The ability to generalize is both a blessing and a curse.
It’s perhaps the only way we can make sense of the massive amounts of information we face every waking moment. Rather than worry about the minutia of each situation, we generalize and make assumptions based on that generalization to take action.
Sometimes those actions turn out to be wrong, but most of the time, a generalization is an appropriate way to handle a situation.
Stereotypes are a kind of generalization. We typically think of them as applying to people because that’s where we get it wrong so often, but it applies to things as well. For example, a “muscle car” is a stereotype or generalization of a vehicle with certain, perhaps ill-defined, characteristics.
Stereotypes exist for a reason. They’re a generalization of observed or perceived characteristics correlated with some population or set of events. Correlation is not causation, of course, and as a result stereotypes are also sometimes wrong.
Where things really go off the rails is when we over-generalize — making assumptions that simply don’t apply based on some improper stereotype or our mistaken perceptions.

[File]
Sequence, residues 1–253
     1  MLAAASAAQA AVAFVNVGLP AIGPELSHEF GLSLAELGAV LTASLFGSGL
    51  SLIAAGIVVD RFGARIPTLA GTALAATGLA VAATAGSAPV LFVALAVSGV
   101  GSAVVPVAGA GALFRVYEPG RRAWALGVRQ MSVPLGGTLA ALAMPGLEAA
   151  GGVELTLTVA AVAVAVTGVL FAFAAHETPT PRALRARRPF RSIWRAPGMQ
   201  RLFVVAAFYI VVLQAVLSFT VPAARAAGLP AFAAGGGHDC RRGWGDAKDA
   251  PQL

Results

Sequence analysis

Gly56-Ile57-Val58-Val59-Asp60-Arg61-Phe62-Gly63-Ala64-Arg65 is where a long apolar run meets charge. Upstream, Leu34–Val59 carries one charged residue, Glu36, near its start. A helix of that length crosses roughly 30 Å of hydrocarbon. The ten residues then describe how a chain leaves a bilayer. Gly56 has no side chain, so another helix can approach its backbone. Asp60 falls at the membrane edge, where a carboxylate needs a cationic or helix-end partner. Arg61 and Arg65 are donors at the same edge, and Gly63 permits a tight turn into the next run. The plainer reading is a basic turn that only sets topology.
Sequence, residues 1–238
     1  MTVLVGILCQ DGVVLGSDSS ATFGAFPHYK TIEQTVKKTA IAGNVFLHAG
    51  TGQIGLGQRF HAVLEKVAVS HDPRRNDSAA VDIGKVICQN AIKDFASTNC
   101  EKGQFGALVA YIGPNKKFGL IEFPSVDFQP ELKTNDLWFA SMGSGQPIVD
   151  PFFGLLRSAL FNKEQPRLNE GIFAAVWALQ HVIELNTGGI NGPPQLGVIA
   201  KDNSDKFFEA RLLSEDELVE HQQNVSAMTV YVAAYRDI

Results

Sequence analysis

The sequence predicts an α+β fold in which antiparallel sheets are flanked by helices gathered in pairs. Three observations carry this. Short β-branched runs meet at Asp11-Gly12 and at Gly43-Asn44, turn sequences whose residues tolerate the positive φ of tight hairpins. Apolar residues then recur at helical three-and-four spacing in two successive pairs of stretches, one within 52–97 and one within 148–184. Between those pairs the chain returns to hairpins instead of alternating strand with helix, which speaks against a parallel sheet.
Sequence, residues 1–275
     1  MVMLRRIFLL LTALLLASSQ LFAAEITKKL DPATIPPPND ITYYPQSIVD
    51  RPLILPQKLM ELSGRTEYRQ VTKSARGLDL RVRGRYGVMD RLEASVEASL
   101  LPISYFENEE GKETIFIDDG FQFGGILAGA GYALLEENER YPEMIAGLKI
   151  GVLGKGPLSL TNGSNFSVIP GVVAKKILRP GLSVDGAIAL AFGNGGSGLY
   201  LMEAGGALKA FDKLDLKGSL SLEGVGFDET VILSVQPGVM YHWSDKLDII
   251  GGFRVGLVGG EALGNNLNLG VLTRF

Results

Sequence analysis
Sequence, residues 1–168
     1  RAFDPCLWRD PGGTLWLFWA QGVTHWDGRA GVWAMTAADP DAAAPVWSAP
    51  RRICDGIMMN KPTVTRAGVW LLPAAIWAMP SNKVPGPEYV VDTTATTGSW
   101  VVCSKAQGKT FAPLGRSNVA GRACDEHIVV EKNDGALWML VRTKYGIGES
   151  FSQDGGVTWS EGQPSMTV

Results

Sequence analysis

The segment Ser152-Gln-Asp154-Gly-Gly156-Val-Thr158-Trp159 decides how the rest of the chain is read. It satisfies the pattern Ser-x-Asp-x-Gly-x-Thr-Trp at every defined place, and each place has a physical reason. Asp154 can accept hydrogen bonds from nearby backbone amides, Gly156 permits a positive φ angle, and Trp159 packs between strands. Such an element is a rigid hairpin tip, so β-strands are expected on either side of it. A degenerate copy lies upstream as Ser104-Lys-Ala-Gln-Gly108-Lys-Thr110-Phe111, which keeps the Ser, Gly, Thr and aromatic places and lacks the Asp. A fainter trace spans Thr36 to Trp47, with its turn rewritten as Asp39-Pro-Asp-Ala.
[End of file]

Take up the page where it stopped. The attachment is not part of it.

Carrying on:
And yet, generalization remains an important survival skill. If we had to think at length about the details of every situation we find ourselves in, we’d get nowhere. Our ancestors would have quickly become food for whatever new predator came along while they delayed, evaluating the danger in excruciating detail instead of generalizing (“unknown things bad”) and running.
But, as improper stereotypes point out, there’s danger in bad generalization or over-generalization as well. We can be wrong. Running away from something that will not kill you is mostly harmless, but treating a subset of humans as less than human is, perhaps, the ultimate form of harm.
What matters most is understanding that generalizations exist and that they can be wrong.
They’re worth being aware of and constantly re-evaluating as situations, observations, and perceptions change.